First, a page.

What ‘Green’ Decisions Can Small Businesses Make to Save Money?

Millions of small businesses nationwide may operate on fairly narrow margins in order to turn a profit, and that means every dollar spent typically carries considerable weight. For this reason, many owners across the country are turning to "green" ways to save money, and often finding significant success with doing so.

There are a number of ways in which small businesses can use more power than they might expect, which in turn leads to high energy bills that can be difficult to deal with, according to a report from the U.S. Chamber of Commerce. Fortunately, a number of them are actually just common-sense changes that can be made with little or no cost.

For instance, instituting a policy of turning off lights in rooms that aren't in use is a great way to save money, because it simply cuts the amount of power being used over the course of a month or a year, often far more appreciably than they might expect, the report said. For those companies that want to make a minimal investment in this issue going forward, it might be wise to install motion sensors throughout an office as a means of using far less energy automatically, taking the guesswork out of hoping employees remember to flip a switch on their way out of a room. Businesses may also be able to benefit from simply relying more on natural light and keeping electric ones off as much as possible. And of course, when it comes to this issue, taking the time to install energy efficient light bulbs instead of traditional incandescents will allow companies to save considerably on their power bills, with the added bonus that these bulbs last significantly longer than the old variety.

However, lights are one thing, but other electrical equipment can have an even more negative effect on their power use, the report said. Computers that are left plugged in, for instance, tend to use electricity even without being on, and for this reason it might be wise to unplug them over the weekend or even every night when leaving the office. This can also be applied to other plugged-in office products such as copy machines and the like.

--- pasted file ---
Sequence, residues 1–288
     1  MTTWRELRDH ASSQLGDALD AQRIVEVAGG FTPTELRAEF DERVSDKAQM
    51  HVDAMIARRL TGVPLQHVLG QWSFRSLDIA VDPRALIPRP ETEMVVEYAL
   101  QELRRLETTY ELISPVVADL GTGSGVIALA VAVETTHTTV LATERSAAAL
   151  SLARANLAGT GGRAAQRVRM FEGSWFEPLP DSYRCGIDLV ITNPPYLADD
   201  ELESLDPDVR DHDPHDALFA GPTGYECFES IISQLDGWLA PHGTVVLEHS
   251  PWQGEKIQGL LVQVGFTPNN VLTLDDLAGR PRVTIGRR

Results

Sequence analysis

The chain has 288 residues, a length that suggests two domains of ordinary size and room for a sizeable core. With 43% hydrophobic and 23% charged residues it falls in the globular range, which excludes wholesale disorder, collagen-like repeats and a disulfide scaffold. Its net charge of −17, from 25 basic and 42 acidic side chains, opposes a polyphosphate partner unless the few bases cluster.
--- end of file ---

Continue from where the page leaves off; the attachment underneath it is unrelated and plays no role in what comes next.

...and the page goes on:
Where cooling comes in
Many small businesses may also face much higher energy bills in the summer simply because they have to run the air conditioners constantly, the report said. While this is often unavoidable for many companies, simply because of the climate for their regions, it may be possible to install ceiling fans to help reduce how hard air conditioners have to work, or even push back the date at which they are being used. Setting fans to pull air up, with a counter-clockwise motion, (because heat rises) can make a room feel cooler, and allow an A/C unit to be set to a slightly higher temperature. Fans tend to use far less energy than air conditioners, as well. Doing this in the winter, and setting the fans to rotate clockwise, will similarly help to increase the flow of hot air downward, which in turn means lower heating bills.

Small business owners concerned about their energy bills may also want to look into what they're paying for their various small business insurance policies. Examining how much their monthly premiums for general liability insurance and other types of coverage may allow them to find ways to reduce these costs, as that can help to improve their profit margins because they'll be spending less on the often necessary types of insurance businesses take on.